Other places I heard are amazing but I didn’t get to:

  • The Coromandel

  • Te Whanganui-A-Hei

  • Tauranga

  • The Bay of Islands

  • Cape Reinga


So obviously the North Island is great, but man, the South Island absolutely blows it out of the water. The North Island is like winning Silver at the Olympics, still incredible and impressive, but there is better. If you haven’t guessed, the South Island takes the gold. The views, the nature, all of it is just unparalleled. If you like the outdoors, like I do, you will freak over the South Island. How I describe it to people is: Imagine you are walking through an art museum, and you see the most beautiful landscape painting you’ve ever seen. Then you accidentally sneeze, and that forces you to literally fall into the painting. Where you land, that’s the South Island of NZ. I don’t even know how to fully explain in words what you should do, so I’ll give you a list.

1. Dunedin (where I live(d))

  • Mount Cargill

  • Tunnel Beach

  • Parakaunui Beach

  • Long Beach (camp in a cave)

  • Murderer’s (also a beach)

  • St. Claire Beach

Dunedin is home to some of the best surf beaches in New Zealand. The town itself is not too exciting, but the nature surrounding it is absolutely unreal. Also, some of the best breakfast I have had is at Starfish Café, and there is a great burger from ReBurger. There is decent nightlife in the Octagon. But if you come to Dunedin, you are coming to see the beautiful beaches surrounding it.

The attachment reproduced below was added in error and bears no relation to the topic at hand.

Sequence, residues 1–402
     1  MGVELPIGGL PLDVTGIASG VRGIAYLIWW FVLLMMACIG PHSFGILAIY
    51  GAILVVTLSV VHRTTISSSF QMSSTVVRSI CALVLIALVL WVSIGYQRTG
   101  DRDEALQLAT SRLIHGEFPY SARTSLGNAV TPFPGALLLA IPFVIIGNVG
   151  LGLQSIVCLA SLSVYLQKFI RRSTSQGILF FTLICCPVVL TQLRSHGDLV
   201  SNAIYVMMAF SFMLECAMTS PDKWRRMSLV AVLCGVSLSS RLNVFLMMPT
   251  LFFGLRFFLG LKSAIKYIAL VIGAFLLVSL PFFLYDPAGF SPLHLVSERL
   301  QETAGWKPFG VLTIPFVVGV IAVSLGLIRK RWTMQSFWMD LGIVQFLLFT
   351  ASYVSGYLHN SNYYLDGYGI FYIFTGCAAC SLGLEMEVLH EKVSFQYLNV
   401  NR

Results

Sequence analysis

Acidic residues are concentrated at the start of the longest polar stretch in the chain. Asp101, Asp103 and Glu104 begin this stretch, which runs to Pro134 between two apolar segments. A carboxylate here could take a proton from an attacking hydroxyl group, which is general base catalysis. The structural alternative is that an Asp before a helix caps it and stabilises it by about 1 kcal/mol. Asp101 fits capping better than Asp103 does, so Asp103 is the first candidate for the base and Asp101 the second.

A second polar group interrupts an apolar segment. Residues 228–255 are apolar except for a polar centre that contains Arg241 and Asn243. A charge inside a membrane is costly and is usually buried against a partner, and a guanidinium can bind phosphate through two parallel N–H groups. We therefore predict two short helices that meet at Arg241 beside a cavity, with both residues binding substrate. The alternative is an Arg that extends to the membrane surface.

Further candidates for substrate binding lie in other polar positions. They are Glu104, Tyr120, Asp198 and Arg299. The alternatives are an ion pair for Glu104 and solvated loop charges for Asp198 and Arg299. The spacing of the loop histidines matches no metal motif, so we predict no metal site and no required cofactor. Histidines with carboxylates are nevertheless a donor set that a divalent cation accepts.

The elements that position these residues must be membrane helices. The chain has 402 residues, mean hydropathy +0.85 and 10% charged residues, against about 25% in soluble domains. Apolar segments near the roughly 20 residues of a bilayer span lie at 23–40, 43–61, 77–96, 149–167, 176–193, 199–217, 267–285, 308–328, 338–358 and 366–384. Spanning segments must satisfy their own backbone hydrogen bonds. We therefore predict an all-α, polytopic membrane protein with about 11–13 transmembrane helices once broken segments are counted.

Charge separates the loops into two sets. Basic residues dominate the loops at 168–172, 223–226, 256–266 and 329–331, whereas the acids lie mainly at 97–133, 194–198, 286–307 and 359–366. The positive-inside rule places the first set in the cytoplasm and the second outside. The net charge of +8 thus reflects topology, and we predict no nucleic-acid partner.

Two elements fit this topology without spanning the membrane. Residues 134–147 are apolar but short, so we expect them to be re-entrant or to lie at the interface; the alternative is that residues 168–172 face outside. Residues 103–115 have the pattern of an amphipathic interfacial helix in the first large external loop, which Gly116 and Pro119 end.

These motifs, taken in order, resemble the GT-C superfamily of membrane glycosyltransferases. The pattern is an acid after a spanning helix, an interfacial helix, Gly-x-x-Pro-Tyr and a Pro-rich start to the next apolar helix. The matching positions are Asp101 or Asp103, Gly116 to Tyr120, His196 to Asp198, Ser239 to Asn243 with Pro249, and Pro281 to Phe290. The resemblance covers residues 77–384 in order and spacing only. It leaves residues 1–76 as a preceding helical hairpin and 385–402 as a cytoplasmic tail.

Allans Beach
Allans Beach

2. Fiordlands

  • Boat Cruise of Milford Sound

  • Lake Marian Hike

  • Routeburn track

  • Doubtful Sound overnight boat cruise

The Fiordlands is undoubtedly one of the most beautiful places I will ever go in my lifetime. Absolutely unreal. If you are there for just a day, the Lake Marian Hike is lesser known but open ups to a magnificent lake. The boat cruise of Milford Sound is a MUST. If you can only do one thing, that should be it.

Fiordland National Park

Fiordland National Park
Lake Marian Hike

3. Queenstown

  • Fergburger

  • Fergbaker (best Boston crème donut ever)

  • Skydive (prettiest views!!!)

  • 1876 (fun bar)

  • Winnies (nightlife)

  • Patagonia (get the hot chocolate)

Queenstown is hands down my favorite place in New Zealand. Granted, it is pretty touristy, but all with good reason. If you have ever been to Vail, Colorado, imagine that and then a million times better. Queenstown is right on the water and there are lots of water activities you can pay for. I mostly included food and nightlife on the list because I definitely think Queenstown is worth going to for those experiences. There is a ski mountain and hiking in the area, which I bet would be awesome. There are also loads of wineries in the area, so if you are feeling a boujee weekend, that is definitely doable here.

Queenstown Hill

4. Wanaka (Wakanda as the kids call it)

  • Roys Peak

  • Rob Roy Glacier Walk

  • Mt Iron walk

  • Wanaka tree

  • Wanaka Bakpaka

  • Glendhu Bay campsite